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4 hours ago, coolwind57 said:

Excellent recommendation on trying out each wire individually.

 

As far as deleting the connector, it appears to me that the only reason they have one there is for ease of initial assembly or manufacture.  I'm can't really think of a really good reason that one would need one there later down the road after the build.  I know that the C101 connector is notorious for causing trouble.  Is there any particular reason you recommend not deleting this connector?

 

If I'm correct, then the connector could be seen as a possible weakness--especially if perhaps the heat damage started as a circuit began to open as the connector loosened up  and lost good connection over time.  Or just got dirty and contaminated...it is occasionally near wet, muddy boots after all.  Buy hey, just a thought.  I acknowledge that I may be completely wrong here.

I think your reasoning makes sense, especially the point about the C101 connector.  I'm just a fan of not modifying the stock wiring at all, if possible.  I'd rather add a circuit than modify an existing one.  Any idea on what caused the meltdown?  It may have been just a bad connection inside the connector, but it's fairly common to see wires in that area (the kick panel) that have the insulation "nicked" to install alarms, stereos, or whatever- then that becomes a prime spot for a short circuit.

 

Quick story- my 91 XJ would die after warming up.  Checked codes- codes wouldn't read.  Bulb was blown.  Replaced, didn't work.  Started tracing wires, found several wires in the cluster harness melted together from an aftermarket stereo install by the previous owner (splicing wires into cluster harness, why?).  Replaced everything, read codes, replaced camshaft sensor, XJ has ran fine ever since (8 years and counting, fingers crossed).

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Connectors exist to aid serviceability/manufacturability, and sometimes to provide test points or "disconnect points" on the harness (for instance - the "Ignition Off Draw" connector that's present in HO harnesses is a single plug you disconnect to disable everything that could run the battery down in storage). In exchange for that, you do gain a tiny chance of the connector causing trouble. When using high quality connectors in the correct way, you minimize that risk to almost 0. AMC did not always use high quality connectors, nor did they use them the correct way. And they had the nasty habit of positioning them right in harm's way.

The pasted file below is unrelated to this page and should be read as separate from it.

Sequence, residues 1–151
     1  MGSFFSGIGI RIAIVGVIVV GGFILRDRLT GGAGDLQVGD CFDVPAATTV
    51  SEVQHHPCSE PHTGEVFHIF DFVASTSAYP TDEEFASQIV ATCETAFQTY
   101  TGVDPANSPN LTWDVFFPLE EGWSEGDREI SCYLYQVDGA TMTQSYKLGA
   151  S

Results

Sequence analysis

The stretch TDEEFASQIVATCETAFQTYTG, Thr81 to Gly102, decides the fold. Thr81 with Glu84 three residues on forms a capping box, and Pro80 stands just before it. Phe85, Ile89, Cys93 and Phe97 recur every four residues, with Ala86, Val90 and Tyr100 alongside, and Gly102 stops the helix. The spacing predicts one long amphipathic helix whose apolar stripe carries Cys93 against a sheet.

I really hate seeing connectors being arbitrarily deleted, and if I owned a C101 connector-having truck I'm not even 100% sure I'd delete it - I'd clean the contacts and pack it full of dielectric grease for sure - but cutting at wiring makes a shiver run down my spine just a little.

 

As to why I wouldn't delete that connector in particular, if I'm not mistaken you're referring to a grey 10-pin connector in roughly the vicinity of the parking brake pedal. That harness also contains oddly enough a Weatherpack connector... inside the truck, and is responsible for the dome lights and everything else leaving the cab of the truck towards the rear - fuel pump, tail lights, etc. I'm in the middle of hacking out the remaining floor rust in my 89, which just happens to be right about where that harness runs. So it's convenient to take that harness out so I don't have to worry about damaging it, and then plugging it back in if I need the fuel pump to work.

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On 3/9/2021 at 10:27 PM, Minuit said:

I really hate seeing connectors being arbitrarily deleted, and if I owned a C101 connector-having truck I'm not even 100% sure I'd delete it - I'd clean the contacts and pack it full of dielectric grease for sure - but cutting at wiring makes a shiver run down my spine just a little.

 

Why did Jeep get rid of the C101?  One might assume because it was showing up as a cause of problems a few years later.  Or maybe it just cost less to build the harness without it.